VA’s SimLEARN is using 5G high band in a controlled, low-risk simulation environment so that it can be successfully and correctly dispersed throughout the VHA system to help Veterans.

The Simulation Learning, Evaluation, Assessment, and Research Network’s (SimLEARN) National Simulation Center (NSC) is one of the first facilities in VHA to operationalize 5G high band millimeter wave (high band).

With this new technology, VA is truly leading the way in groundbreaking health care for Veterans. 5G allows for faster speeds, more network capacity, decreased lag time and the possibility of more hyper-interconnected environments.

Installing high band into existing VA infrastructures allows medical providers to share large files of Veterans’ medical information more quickly, such as x-rays, computed tomography (CT) scans, and magnetic resonance imaging (MRIs) through augmented or virtual channels.

Unlike 5G low band and mid band, high band features even faster speeds that support large bundles of information. It can also dedicate bandwidth to specific instruments or medical devices.

Telehealth supported by 5G

Additionally, 5G helps to support telehealth, which has seen substantial growth during the coronavirus pandemic. All varieties of the technology allow Veterans reliable access to their VA care teams through quality, real-time video connections.

Currently, VHA has four facilities where 5G varieties are installed and operational:

  • Palo Alto, California National Centers for Innovation to Impact
  • Puget Sound, Washington NCI2I
  • SimLEARN NSC Orlando, Florida
  • Miami Health Care System, Miami, Florida.

Developing through collaboration

This effort represents VA’s ability to collaborate to impact Veteran lives, both within VA itself and with outside organizations. Collaborating closely with Verizon means 5G high band was adapted quickly and SimLEARN has the tools and understanding to better replicate the new technology with any carrier across VHA.

The integration of 5G high band at SimLEARN was led and completed by its Chief Technology Officer Jeffrey Saura. SimLEARN also worked alongside efforts at VA’s Innovation Ecosystem’s NCI2I to establish 5G high band at their site. This creates opportunities for cross-collaboration between the two sites within VA to evolve and enhance Veterans’ health care experience.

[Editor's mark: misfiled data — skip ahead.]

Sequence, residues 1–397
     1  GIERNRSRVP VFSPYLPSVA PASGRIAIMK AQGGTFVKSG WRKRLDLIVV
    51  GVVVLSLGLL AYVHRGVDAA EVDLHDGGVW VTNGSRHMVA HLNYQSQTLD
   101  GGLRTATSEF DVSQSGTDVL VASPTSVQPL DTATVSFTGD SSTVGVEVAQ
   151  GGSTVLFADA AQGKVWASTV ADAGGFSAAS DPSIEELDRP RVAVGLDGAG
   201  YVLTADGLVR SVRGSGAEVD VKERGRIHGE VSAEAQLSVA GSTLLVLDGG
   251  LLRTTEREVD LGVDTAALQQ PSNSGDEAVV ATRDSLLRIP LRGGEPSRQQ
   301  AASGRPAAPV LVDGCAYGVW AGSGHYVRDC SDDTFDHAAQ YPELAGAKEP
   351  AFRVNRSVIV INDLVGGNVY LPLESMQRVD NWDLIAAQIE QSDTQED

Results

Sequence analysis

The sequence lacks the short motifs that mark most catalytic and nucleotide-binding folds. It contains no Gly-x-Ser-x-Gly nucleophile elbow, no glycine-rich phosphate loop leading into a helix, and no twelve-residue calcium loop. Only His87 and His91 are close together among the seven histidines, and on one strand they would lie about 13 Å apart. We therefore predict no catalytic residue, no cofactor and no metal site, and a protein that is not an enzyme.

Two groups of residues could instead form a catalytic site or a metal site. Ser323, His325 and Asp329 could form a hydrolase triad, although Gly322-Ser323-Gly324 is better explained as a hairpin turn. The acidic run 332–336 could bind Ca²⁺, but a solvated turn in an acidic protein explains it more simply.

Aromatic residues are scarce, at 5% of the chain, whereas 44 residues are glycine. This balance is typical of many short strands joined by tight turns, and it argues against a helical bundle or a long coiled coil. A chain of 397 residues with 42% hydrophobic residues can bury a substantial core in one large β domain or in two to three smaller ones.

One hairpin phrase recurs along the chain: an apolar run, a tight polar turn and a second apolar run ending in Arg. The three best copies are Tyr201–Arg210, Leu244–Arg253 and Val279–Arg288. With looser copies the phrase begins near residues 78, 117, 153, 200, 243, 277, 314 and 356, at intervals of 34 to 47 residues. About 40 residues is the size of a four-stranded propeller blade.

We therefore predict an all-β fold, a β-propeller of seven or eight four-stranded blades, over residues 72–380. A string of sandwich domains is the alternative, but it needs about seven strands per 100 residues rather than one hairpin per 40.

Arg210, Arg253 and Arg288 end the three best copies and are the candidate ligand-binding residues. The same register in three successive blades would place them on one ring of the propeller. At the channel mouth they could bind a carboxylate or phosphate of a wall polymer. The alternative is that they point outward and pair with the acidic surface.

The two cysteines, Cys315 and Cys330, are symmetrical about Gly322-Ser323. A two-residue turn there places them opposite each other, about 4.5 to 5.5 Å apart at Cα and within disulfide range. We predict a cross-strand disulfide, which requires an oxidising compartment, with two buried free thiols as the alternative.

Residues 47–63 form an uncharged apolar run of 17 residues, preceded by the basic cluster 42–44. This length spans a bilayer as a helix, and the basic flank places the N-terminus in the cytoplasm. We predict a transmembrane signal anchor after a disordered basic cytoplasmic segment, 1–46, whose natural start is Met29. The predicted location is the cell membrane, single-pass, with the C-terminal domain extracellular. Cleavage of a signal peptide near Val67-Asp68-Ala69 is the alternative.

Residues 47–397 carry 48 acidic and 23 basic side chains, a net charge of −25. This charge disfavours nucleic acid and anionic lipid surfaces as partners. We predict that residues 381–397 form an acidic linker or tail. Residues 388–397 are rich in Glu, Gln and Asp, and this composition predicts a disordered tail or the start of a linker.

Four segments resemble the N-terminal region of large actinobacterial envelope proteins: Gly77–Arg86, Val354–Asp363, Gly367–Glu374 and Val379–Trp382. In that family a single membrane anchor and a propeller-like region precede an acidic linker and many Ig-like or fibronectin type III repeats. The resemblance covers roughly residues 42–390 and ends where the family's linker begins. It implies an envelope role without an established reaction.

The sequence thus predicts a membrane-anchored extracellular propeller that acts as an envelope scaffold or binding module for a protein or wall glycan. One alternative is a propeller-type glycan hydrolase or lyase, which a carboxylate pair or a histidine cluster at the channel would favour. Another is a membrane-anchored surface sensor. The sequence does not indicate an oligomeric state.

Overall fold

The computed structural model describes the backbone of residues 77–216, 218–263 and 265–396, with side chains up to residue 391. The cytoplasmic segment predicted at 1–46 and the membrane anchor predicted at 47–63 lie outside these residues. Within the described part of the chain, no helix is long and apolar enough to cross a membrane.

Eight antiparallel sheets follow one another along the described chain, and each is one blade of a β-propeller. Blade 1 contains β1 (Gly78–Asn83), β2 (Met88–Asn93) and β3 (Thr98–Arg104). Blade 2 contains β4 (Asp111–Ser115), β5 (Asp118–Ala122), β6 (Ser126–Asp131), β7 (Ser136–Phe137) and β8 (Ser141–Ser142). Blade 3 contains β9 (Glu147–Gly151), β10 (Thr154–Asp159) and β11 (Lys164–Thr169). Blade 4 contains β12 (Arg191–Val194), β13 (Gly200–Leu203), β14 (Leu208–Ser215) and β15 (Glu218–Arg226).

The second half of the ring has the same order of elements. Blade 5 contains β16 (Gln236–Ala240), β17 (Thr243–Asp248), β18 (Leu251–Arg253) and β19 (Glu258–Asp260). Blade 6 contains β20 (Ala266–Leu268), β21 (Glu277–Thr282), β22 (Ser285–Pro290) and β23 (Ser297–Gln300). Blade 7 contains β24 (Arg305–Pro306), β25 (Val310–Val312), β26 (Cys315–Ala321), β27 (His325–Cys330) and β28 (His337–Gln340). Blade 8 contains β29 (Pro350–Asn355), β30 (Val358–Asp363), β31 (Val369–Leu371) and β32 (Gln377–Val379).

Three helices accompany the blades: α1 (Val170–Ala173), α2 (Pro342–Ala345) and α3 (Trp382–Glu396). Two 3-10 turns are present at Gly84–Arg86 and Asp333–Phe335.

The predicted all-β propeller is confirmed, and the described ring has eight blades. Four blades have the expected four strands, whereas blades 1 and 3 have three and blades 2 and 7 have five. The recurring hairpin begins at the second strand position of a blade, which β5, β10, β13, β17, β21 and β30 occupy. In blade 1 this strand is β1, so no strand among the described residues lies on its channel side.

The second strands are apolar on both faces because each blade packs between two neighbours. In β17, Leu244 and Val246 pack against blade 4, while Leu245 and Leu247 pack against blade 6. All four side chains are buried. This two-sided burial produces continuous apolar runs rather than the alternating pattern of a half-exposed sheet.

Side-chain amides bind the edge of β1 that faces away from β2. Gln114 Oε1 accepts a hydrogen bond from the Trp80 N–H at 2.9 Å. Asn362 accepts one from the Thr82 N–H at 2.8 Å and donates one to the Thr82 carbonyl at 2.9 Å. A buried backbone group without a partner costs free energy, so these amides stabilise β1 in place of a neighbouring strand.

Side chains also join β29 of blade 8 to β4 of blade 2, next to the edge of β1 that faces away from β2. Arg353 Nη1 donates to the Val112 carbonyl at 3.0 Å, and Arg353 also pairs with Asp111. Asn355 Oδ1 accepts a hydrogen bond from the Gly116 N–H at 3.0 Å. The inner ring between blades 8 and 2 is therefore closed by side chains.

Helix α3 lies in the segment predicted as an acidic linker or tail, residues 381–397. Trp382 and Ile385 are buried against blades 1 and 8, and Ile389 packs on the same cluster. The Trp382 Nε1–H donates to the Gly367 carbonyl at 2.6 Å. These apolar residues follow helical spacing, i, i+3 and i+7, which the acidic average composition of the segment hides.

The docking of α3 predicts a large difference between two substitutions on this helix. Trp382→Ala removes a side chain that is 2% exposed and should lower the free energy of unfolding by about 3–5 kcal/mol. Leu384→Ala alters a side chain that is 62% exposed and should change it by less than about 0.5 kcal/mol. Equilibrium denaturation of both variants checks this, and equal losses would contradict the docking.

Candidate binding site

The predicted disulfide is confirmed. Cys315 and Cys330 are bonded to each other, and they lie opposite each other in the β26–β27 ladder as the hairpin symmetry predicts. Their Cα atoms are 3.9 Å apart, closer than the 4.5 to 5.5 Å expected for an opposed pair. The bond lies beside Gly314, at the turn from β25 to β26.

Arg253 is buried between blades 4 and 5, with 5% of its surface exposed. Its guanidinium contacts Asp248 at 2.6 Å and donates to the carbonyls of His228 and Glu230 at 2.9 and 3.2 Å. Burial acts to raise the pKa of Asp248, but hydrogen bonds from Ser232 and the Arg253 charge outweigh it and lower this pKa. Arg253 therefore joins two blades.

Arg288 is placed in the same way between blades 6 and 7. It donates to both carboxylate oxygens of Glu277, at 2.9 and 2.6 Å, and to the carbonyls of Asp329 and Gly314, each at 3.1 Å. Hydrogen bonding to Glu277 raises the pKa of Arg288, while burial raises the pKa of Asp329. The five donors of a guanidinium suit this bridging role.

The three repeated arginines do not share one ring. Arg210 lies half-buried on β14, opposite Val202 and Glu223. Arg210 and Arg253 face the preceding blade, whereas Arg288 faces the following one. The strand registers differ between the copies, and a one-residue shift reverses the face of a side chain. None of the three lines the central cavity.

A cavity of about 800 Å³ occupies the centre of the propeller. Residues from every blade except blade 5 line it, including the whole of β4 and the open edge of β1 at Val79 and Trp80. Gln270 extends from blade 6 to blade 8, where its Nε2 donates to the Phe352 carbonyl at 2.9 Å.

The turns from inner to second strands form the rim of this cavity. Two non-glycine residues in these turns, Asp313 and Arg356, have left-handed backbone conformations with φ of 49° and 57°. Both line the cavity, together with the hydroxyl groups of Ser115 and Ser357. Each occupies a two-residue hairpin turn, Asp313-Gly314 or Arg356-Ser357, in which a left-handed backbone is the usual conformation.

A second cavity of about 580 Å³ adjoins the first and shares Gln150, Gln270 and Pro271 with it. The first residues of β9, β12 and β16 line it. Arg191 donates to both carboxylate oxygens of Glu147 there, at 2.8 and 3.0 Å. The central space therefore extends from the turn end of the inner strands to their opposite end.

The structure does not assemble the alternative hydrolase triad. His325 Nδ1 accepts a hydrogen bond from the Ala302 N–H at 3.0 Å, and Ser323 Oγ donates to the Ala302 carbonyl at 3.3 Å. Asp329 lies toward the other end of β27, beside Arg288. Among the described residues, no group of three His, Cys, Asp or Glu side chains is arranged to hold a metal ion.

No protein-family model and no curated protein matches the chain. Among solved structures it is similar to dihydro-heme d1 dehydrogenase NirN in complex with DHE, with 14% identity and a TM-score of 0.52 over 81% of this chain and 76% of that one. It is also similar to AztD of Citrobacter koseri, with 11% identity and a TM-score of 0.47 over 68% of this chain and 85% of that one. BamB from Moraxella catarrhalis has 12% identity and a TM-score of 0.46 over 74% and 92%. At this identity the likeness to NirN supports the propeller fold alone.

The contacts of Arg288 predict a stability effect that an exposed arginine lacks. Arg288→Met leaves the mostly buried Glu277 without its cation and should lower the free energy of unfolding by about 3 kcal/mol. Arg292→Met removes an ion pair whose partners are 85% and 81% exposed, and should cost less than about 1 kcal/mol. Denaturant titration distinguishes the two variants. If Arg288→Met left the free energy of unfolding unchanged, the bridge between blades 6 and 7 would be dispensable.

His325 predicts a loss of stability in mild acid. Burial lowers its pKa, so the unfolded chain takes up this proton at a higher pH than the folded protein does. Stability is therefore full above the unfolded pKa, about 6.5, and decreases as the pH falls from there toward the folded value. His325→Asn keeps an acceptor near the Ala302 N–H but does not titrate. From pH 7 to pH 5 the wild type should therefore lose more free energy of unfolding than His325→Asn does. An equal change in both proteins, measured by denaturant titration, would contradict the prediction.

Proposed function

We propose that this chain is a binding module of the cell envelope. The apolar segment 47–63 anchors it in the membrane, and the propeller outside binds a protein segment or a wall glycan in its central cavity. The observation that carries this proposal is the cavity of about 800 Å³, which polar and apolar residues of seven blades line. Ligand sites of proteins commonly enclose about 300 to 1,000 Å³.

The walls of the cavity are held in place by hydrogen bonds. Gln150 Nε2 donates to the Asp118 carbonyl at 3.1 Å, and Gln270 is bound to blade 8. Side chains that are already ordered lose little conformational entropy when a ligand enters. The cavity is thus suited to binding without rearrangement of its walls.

SimLEARN worked in support of National Center for Collaborative Healthcare Innovation Director Dr. Thomas Osbourne’s work with 5G-enabled surgical augmented reality at NCI2I. Through this collaboration, SimLEARN’s Emerging Health Care Technology Integration (EHTI) program supported the integration of 5G-enabled surgical AR with VA’s Picture Archiving and Communications System (PACS).

PACS ensures that Veteran 3D imaging can support pre-surgical, pre-procedural and interventional radiology. The 5G integration with PACS helps doctors provide enhanced surgery techniques and enrich Veteran care.

Additionally, collaboration on 5G integration through the VA Innovation Unit (VAIU), which brings together SimLEARN and other IT stakeholders within VA to help ensure that VA technology keeps pace with its innovation. VAIU is assisting locations with appropriate planning for 5G installation and integration.

VAIU brings technological innovation from discovery to implementation and scale. It also endorses a collaborative effort to promote process and budget standards for fast-tracking technology based projects and products throughout the VA system.